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Girl Scout council opens new facility, launches fundraising campaign

CHARLESTON, W.Va. -- Billed as the only Girl Scout facility of its kind in the country, the Girl Scouts Black Diamond Council formally opened its new administration, store and urban camp building on Charleston's West Side Friday morning.

The 24,600 square-foot facility has been open for several weeks, but Friday's event allowed members of the media to tour the facility and also kicked off the public portion of the council's capital campaign to continue to raise funds for the facility.

"This is going to continue to be an incredible opportunity for our council and an incredible opportunity for our girls," said Beth Walker, the chairwoman of the council's board of directors. "It's going to change our program throughout."

What makes the facility especially unique is the "Girl Zone," described as an "urban campground." The building has the capacity to sleep 24 girl scouts at a time, with separate quarters for chaperones. There's also a multipurpose space, a kitchen with the capacity to serve two scout troops, a large lounge area and, of course, an outdoor firepit complete with stone seating.

"It's the first of its kind in the nation," said Princess Young, director of development for the Black Diamond Council.

Young said Girl Scout troops in the council region already plan overnight trips to Charleston to make use of the city's cultural and historical attractions.

In the past, the troops usually stayed at hotels in the city, which could sometimes prove to be difficult in terms of transportation and coordinating group events. The new Girl Scout facility thus allows an entire troop to stay together in one place, while allowing for some more traditional activities - like a campfire - at the same time.

"Charleston is the big city to a lot of our girls," Young said.

The Black Diamond Council serves about 15,000 Girl Scouts in a 61-county region that includes all of West Virginia except the Eastern Panhandle, nine counties in eastern Ohio, three counties in southwest Virginia and Garrett County, Md.

Every county in the council is in Appalachia.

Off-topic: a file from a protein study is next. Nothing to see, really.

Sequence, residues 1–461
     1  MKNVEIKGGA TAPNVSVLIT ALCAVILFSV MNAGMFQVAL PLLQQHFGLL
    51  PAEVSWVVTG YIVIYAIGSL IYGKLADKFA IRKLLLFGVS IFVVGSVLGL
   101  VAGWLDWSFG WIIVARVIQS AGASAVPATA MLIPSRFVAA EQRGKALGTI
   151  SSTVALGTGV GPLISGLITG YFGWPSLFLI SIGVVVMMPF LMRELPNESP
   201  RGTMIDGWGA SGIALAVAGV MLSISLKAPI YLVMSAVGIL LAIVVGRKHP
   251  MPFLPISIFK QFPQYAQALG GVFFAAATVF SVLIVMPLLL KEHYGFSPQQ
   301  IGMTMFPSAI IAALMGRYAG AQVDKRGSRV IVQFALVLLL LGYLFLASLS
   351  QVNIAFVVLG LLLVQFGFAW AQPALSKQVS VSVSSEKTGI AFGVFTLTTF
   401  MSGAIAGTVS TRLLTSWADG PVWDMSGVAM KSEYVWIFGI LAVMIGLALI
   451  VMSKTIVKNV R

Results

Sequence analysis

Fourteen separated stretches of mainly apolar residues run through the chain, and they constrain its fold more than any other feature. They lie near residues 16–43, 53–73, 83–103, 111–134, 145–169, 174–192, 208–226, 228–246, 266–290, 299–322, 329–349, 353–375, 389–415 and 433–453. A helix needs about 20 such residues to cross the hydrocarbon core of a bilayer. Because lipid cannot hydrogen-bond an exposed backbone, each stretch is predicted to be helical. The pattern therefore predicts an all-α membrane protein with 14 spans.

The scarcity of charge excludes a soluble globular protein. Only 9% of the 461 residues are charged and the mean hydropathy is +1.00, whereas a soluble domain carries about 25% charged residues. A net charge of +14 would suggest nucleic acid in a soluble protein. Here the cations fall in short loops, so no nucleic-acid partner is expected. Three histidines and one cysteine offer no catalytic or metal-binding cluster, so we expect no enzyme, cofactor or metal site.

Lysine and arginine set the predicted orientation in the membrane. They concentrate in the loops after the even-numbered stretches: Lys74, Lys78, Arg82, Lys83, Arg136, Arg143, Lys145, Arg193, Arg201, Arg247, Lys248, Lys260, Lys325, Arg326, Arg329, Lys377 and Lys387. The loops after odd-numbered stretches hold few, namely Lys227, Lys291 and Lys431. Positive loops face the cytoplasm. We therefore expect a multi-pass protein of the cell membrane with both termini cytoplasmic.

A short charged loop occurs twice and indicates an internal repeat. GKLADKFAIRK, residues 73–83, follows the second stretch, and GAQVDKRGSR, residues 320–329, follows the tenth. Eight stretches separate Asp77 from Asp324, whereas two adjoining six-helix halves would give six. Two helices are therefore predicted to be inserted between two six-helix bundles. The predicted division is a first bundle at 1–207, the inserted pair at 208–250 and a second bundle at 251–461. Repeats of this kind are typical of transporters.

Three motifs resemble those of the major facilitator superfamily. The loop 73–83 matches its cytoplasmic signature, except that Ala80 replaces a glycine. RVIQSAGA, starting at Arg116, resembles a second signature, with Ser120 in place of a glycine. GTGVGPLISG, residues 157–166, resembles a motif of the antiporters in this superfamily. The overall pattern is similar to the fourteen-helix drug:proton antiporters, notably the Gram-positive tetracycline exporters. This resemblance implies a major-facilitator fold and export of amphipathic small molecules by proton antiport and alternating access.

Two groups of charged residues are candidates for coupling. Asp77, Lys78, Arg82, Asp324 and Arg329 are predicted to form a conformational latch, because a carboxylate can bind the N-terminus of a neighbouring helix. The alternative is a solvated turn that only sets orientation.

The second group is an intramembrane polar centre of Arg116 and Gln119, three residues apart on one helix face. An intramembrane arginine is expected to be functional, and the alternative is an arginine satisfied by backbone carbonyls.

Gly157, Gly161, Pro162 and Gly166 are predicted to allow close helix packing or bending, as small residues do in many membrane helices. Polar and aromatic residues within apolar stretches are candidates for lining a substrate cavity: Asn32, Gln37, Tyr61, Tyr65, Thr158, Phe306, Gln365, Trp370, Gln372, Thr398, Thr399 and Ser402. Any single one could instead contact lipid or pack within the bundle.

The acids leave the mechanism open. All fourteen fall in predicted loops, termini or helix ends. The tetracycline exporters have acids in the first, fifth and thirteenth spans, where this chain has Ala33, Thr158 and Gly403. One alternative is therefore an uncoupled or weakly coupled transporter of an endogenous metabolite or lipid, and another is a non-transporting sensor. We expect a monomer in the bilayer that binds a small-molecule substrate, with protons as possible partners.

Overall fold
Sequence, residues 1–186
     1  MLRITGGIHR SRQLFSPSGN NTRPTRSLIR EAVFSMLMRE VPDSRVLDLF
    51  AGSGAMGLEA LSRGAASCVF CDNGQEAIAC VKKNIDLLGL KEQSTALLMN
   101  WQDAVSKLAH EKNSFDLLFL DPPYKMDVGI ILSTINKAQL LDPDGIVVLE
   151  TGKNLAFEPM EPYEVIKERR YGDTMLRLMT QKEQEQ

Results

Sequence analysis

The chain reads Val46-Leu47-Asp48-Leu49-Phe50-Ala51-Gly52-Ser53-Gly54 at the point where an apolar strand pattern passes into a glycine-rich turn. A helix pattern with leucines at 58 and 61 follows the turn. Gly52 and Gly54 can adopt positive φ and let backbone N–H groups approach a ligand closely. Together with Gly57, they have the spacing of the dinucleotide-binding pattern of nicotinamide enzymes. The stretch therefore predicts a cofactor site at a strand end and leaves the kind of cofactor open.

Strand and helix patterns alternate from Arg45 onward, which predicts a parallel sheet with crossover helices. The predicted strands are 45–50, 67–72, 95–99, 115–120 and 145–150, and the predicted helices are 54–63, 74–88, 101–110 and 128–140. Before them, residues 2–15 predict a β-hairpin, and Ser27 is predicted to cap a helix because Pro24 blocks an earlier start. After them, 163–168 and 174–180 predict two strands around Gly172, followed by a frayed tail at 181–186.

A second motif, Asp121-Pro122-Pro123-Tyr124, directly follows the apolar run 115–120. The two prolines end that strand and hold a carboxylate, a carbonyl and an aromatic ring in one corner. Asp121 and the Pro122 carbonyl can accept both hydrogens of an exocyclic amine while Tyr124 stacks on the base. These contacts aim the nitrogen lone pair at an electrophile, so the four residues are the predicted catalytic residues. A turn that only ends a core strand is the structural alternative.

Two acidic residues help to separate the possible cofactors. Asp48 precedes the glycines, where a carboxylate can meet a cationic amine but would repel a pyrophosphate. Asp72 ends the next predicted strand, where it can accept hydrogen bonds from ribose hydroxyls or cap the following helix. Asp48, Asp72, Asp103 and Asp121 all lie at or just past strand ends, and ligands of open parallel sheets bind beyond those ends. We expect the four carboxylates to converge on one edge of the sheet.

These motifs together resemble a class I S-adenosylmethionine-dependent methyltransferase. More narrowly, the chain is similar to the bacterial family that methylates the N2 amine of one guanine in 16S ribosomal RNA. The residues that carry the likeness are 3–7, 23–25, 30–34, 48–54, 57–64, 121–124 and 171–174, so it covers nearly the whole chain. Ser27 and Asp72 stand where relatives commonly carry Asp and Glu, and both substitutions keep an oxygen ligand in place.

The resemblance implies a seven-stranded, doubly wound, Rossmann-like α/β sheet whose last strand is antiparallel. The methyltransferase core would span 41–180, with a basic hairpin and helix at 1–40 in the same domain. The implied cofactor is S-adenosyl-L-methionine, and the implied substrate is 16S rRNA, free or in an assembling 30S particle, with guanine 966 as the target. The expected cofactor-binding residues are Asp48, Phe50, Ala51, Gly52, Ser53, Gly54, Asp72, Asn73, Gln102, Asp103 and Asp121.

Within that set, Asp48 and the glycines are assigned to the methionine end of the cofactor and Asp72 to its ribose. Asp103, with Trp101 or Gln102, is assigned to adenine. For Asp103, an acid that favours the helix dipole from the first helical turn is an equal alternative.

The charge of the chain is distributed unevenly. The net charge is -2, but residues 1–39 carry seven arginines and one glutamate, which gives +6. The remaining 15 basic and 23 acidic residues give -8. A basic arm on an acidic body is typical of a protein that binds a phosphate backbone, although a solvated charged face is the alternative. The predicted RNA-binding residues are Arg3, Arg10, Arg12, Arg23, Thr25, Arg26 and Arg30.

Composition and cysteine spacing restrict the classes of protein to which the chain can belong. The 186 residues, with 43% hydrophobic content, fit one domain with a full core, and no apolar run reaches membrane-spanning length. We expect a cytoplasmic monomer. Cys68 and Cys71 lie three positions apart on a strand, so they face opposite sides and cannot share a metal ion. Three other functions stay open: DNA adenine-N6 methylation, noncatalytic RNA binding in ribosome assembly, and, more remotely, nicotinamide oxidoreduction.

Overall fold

Physically separate from the Girl Zone (though connected by an exterior walkway), the larger administration building houses the council's offices, meeting space available to rent by the public and a new Girl Scout store that's over twice the size of the old store on Hale Street.

Retail manager Kim LaCount, who oversees the store, said the new space allows more items to be displayed and is more organized and helpful for scouts.

"We were really looking for the 'wow' effect," she said.

Groundbreaking for the building was in February. Previously, the buildings served as a dealership for Charleston Lincoln Mercury, which was purchased by the Moses Automotive Group in 2011.

The project was financed by Summit Bank, designed by ZMM Architects & Engineers and built by Paramount Builders.

The council has raised $1.4 million so far, and has a goal of raising $6.2 million to help pay for the facility. Fundraising has taken place already, but new fundraising efforts will involve the public.

Future projects could involve a former auto body shop across Virginia Street, which the council also owns.

Young said it was important to note that other fundraisers that benefit Girl Scouts are not used to fund the new facility.

"Cookie sales have nothing to do with this building," she said with a laugh.

Overall, the new Girl Scout facility should help the organization grow and continue to provide for girls across the region.

"Our future has never been more promising," said Beth Casey, the council's chief executive officer. "This is the first time we've had a facility that's been girl-centered."

Contact writer Matt Murphy at or 304-348-4817. Follow him on Twitter @DMLocalGov and on Facebook at DailyMailLocalGov



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